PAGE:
12:17 RN: So I think they can afford to be bold and not say we have to keep it all for our children and really come out and very transparently give more. And to the question of where will you give and how will you make impact, I think it’s time for Indian philanthropist to strike out boldly. If some of them can build such huge successful corporate empires, why can’t they also build huge successful scaled up societal mission kind of thinking and actually create that scale? Some of us have been doing that work, we call it societal platform thinking and we’ve developed a kind of framework for scale which I’m happy to share with anyone who wants to listen. But I think the time has come to challenge the old wealthy because they are also the new wealthy now, to give more and also to challenge them to be creative about generating scale themselves and not necessarily wait for Indian NGOs to step up because they are doing as much as they can, but they need much more from our side as smart givers.

13:18 SS: No, absolutely, but before I go across to Anant, I will take a quick round two of questions with both you and Kiran and then go to him. Kiran for a country that is estimated to produce 70 new dollar millionaires, which is people with a net worth of seven crore every single day between 2018 and 2022, according to some reports. The question to ask is, what can we do to encourage them to become philanthropists? And, one of the suggestions that has been put on the table is that there is just too much emphasis on UHNIs, the HNIs, the traditionally rich. Why are we not looking to scratch the surface of mass market of everyday givers? And, do you believe tracking the small ticket individual, the retail giving is going to expand the pie, so to say?

14:10 KS: I think unless you make philanthropy as something to be really proud of, something that inspires people to do, you are not going to be able to really create that philanthropic ecosystem. So, I really believe that people should want to give, people should really believe that the giving culture is a very important culture. And I don’t see why this can’t be a very strong culture in a country like India with its plethora of challenges because I think that’s what it’s about. We’ve got so many things to solve and so many such… So many societal challenges to overcome that it must be a natural kind of giving culture that we have. And, let’s face it, India has had a very philanthropic DNA about it because if you look at modern India, I think a lot of modern India was very impactfully built by, through philanthropy. The Tatas, the Birlas, they have actually invested in a very philanthropic way to create the educational ecosystem, the healthcare ecosystem and many other aspects of societal needs. And I think today’s generation has to basically take that forward in a much bigger way.

15:40 SS: No, absolutely. And, I agree with you that let’s not wait for that to happen, let’s build the ecosystem. But to build that ecosystem, and let’s get drawn really to the brass tacks and Rohini Nilekani, the current funding growth rate will lead to an annual shortfall of about 4.2 lac crore rupees, according to some reports, the social development goals have to be met by 2030. All of that said and done, but none of this will happen till more and more people come forward and give more. How should India ensure that the culture of giving gets appreciated, gains momentum? How do we promote that culture? Does it need to be done at a societal level, the interventions at school? What must be done?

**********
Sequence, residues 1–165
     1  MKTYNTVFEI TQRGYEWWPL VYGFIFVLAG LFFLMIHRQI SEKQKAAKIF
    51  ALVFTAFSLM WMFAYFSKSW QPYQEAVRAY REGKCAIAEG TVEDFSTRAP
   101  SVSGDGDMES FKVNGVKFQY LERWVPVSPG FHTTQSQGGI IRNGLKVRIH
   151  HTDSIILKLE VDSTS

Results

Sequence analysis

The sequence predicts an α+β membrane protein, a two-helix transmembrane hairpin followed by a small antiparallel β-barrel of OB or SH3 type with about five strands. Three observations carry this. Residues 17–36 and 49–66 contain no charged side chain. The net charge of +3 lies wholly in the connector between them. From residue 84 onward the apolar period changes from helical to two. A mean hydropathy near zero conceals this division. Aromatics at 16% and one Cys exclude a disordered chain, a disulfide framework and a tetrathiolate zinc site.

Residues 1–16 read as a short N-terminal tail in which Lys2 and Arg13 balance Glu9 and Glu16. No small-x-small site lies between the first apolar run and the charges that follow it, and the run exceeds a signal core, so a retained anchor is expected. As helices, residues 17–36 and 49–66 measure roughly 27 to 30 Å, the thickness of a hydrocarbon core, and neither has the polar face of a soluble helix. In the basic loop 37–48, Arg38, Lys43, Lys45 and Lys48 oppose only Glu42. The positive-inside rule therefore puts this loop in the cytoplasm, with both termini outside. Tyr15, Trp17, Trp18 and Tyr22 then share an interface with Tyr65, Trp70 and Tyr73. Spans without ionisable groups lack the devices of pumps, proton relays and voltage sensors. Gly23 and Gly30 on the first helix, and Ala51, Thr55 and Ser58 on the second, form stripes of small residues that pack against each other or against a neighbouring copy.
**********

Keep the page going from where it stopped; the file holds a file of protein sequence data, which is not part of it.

16:26 RN: Thank you. I think a lot needs to be done and you are playing one important part of it. I think the media spotlight on this question and the public pressure especially on the wealthy has to be kept up. What is your money doing for all of society? I think that’s very important and you all are doing it. So, thank you for that. The second thing is to your earlier question, I think there are a lot of givers in this country, we don’t really have enough data, and some of us are coming together to put out that data. I hope in a few… It will take some time, but that’s being done. A report on everyday giving that we have done with the Gates Foundation is coming out very shorty about how many people are willing to give, how much? So, I think the culture exists, we have to understand it better and then increase it even more. Recently, I heard something very heartening. I won’t give away the source because they are going to create their own announcements around it, but even middle income people are willing to step forward publicly and say that they are going to give some more of their money steadily and visibly.

17:33 RN: So, I think many things are converging. We put up, keep on the public pressure, we keep the spotlight, we have some transparent data, real data emerging. And I think, we’ll feel much better about the giving culture in this country. I feel quite hopeful. So, public participation in creating public goods, never has there been a better time for someone to do so much with so little. If we all can contribute to creating digital public goods for instance, the knock-on effects of doing that are so large that I think even if you forget the ultra-high net worth individuals, even those with a much better developed giving muscle who may be less wealthy can have really serious knock-on effects and impacts when when so many things are converging. At least, that’s what I believe.

18:24 SS: Absolutely. I think Kiran Mazumdar-Shaw wants to come in to make a point there. Go ahead, Kiran.